Still, Sarri would be the first to admit goals are not coming as easily to Napoli as they were in the first three months of the campaign. Top scorers last season, unusually for them their attack ranks only third at the moment behind those of Lazio and Juventus. Ghoulam’s imminent return should help in that regard as will Milik’s but the principal reason Napoli still have people convinced is the defence, which is currently Italy’s best. Six clean sheets in 10 and three on the bounce, Napoli was able to maintain their momentum despite struggling to score. Koulibaly has been imperious and the offers Napoli expect to field for him in the summer will make Virgil van Dijk look cheap.
The resilience of this team continues to go overlooked. Napoli won only one game 1-0 all last season. This year it’s already happened four times. They have come back from behind on five occasions too, including twice in the same game against Sampdoria. That takes mental toughness as does going all of 2017 undefeated on the road. What Napoli are doing is extraordinary. Look at it this way, last year they set a new club record points total and yet today they have 10 more points than they did at this stage last year. They are still in front of Juve even though the Old Lady is also doing better than she did at this stage of last season.
For all the strides Napoli have made, though, particularly when it comes to holding their nerve, stopping Juventus from getting under their skin is paramount. Sarri complained at the weekend about having to play after the Bianconeri in each of the next eight matchdays. It sent the wrong message. Does he not think his players can handle that sort of pressure? It seems odd considering the examples of mental fortitude Napoli have displayed thus far. It’s also their own fault for dropping into the Europa League, which won’t be a priority with Napoli going full tilt on ending a 28-year wait for the title. And as the league outlined in a statement this week, Napoli have played before Juventus in 14 of the last 19 matchweeks.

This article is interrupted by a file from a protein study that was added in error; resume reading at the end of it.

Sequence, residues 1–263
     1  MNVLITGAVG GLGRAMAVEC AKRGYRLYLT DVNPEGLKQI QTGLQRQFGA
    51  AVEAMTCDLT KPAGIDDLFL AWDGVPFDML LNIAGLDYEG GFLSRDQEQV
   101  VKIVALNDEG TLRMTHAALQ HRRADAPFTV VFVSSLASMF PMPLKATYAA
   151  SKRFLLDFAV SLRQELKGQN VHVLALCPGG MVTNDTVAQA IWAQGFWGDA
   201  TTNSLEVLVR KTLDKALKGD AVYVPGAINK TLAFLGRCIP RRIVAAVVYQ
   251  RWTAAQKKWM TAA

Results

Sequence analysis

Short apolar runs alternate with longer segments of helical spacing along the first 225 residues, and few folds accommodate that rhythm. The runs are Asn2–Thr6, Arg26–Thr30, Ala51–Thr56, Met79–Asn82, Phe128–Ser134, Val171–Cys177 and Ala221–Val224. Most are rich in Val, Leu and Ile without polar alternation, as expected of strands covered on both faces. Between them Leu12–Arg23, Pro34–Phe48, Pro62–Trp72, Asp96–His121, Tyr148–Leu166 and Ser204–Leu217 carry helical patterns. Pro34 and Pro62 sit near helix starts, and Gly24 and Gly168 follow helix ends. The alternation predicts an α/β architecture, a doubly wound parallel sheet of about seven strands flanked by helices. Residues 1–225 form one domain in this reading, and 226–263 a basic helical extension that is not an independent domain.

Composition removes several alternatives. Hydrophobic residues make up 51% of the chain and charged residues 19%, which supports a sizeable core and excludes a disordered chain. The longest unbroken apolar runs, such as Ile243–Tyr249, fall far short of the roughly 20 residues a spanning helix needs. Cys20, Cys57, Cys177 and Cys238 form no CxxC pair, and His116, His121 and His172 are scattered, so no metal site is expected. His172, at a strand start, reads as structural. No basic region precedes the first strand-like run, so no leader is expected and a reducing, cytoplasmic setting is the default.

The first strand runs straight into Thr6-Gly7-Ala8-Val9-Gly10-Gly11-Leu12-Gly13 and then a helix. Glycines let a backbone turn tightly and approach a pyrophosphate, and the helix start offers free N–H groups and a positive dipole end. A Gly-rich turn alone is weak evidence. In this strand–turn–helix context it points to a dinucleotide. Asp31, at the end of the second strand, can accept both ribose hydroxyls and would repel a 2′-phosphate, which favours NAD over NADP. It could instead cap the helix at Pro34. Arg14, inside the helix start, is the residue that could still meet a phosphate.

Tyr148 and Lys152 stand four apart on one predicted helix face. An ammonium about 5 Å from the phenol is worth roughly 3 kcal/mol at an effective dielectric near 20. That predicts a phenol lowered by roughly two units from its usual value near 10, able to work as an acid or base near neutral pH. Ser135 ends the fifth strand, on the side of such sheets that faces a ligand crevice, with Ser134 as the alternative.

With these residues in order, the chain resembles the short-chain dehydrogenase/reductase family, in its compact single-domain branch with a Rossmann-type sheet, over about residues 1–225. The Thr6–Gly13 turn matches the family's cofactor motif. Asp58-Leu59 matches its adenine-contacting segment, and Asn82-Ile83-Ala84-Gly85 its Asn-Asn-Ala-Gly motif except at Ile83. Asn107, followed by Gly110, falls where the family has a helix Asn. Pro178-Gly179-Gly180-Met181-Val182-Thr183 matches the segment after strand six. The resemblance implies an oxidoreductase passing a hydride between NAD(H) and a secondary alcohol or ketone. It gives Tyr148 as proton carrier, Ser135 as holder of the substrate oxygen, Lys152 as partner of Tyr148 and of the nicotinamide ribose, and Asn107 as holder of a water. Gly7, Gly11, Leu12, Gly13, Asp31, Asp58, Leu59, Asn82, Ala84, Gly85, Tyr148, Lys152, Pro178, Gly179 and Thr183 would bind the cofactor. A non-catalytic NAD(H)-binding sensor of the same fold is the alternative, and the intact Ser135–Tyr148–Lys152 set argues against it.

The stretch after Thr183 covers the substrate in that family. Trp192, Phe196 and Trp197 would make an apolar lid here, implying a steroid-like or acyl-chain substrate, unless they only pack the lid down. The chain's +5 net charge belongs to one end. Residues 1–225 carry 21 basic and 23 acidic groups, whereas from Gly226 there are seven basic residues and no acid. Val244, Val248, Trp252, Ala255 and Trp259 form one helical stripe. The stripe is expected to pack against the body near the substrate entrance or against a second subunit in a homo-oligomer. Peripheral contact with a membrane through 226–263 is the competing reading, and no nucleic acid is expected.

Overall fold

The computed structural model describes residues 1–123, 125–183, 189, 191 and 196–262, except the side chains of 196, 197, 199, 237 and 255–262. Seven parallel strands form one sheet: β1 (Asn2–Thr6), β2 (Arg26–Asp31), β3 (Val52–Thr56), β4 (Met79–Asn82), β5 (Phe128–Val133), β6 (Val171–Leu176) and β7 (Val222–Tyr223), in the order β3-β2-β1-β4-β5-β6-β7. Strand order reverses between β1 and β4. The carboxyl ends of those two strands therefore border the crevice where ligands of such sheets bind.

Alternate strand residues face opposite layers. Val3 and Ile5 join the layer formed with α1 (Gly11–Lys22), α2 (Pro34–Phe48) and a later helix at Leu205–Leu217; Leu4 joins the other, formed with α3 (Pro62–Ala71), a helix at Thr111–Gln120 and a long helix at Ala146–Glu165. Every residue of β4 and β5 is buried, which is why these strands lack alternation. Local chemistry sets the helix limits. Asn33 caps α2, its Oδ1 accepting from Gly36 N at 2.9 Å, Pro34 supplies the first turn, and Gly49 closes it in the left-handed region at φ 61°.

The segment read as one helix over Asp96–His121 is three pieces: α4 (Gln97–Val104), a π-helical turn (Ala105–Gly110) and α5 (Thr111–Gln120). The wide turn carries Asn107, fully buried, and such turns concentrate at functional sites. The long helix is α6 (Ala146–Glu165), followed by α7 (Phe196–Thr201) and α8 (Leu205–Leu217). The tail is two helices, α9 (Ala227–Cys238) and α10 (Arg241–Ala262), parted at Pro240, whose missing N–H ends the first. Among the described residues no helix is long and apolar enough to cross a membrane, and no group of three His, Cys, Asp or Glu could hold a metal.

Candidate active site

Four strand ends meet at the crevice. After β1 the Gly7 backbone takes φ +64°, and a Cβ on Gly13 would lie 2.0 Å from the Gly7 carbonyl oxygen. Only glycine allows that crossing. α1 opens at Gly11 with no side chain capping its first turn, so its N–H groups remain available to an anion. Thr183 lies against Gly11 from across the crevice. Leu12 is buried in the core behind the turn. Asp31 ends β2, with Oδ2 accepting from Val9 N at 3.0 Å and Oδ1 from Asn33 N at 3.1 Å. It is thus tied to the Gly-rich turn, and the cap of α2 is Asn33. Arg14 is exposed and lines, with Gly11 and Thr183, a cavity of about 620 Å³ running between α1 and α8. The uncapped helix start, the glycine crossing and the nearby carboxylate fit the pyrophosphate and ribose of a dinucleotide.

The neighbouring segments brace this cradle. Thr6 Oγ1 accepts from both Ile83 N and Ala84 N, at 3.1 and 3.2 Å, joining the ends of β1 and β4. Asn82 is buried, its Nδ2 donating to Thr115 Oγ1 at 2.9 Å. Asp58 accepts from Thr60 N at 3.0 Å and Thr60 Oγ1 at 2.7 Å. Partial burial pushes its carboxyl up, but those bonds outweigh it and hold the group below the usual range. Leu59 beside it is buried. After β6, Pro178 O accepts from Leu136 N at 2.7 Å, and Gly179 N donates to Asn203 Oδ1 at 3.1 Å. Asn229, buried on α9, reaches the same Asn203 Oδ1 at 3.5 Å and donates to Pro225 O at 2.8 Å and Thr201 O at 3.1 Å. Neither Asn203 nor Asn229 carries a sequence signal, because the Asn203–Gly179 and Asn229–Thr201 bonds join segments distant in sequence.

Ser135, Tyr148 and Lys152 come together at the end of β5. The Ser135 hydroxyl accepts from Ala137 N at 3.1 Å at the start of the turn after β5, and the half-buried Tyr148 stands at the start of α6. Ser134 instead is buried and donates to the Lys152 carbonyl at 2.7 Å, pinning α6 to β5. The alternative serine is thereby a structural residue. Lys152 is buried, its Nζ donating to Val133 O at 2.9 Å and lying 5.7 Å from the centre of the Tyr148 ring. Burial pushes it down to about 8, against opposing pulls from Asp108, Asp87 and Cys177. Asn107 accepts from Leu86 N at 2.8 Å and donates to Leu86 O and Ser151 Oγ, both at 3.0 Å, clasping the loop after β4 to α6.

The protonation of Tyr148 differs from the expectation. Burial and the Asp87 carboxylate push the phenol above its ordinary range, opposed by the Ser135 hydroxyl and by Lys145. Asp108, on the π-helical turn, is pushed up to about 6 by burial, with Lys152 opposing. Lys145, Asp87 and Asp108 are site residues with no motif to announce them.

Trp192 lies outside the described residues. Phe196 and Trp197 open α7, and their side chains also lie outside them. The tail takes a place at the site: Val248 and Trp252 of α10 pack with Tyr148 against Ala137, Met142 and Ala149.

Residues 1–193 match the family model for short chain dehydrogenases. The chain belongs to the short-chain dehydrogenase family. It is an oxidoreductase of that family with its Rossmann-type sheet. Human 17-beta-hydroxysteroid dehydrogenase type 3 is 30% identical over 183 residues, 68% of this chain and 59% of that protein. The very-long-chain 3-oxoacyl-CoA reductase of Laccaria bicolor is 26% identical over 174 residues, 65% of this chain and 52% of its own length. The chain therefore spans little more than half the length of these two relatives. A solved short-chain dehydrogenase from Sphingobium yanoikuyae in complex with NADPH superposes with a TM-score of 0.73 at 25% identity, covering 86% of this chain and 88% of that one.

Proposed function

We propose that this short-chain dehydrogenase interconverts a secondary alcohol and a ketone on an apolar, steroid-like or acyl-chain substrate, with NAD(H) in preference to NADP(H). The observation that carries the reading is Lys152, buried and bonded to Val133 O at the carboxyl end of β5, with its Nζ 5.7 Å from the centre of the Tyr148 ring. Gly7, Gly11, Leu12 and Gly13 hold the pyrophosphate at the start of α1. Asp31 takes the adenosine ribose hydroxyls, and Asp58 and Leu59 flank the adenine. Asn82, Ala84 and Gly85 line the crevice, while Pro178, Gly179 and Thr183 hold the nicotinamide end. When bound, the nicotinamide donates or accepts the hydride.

Sarri’s mind games did not stop there either, though. When asked about Napoli’s chances of signing Sassuolo winger Matteo Politano this month, he downplayed the idea, joking that “Marotta says he is ‘unsellable’.” Beppe Marotta, the Juventus general manager. Sarri’s insinuation was clear. Juventus and Sassuolo have done a lot of business over the years and enjoy a close relationship. But could Marotta really exert enough pressure on Sassuolo to stop them from letting Politano join a title rival? “It’s absurd,” Sassuolo’s sporting director Giovanni Carnevali said.
In the meantime, Napoli have turned their attention to Ajax’s Amin Younes who was due to join in the summer for free but will now arrive this week for €5 million. Reflecting on their recruitment strategy, if Politano was never on the market in the first place, Younes ranks as Napoli’s second choice after Simone Verdi who turned them down and will stay loyal to Bologna at least until the end of the season. Bologna handed him the captain’s armband as a token of their gratitude last weekend, which clearly inspired Verdi. He set up all three of the Rossoblu’s goals in a thumping 3-0 win against Benevento.
As fate would have it, Napoli meet Bologna at the San Paolo this weekend, the first of three games at home from their next four. It’s up to them to show Verdi what he’s missing out on, which, if everything goes to plan, could include a Serie A winners’ medal…
James covers the Italian Serie A and European football for ESPN FC Follow him on Twitter @JamesHorncastle.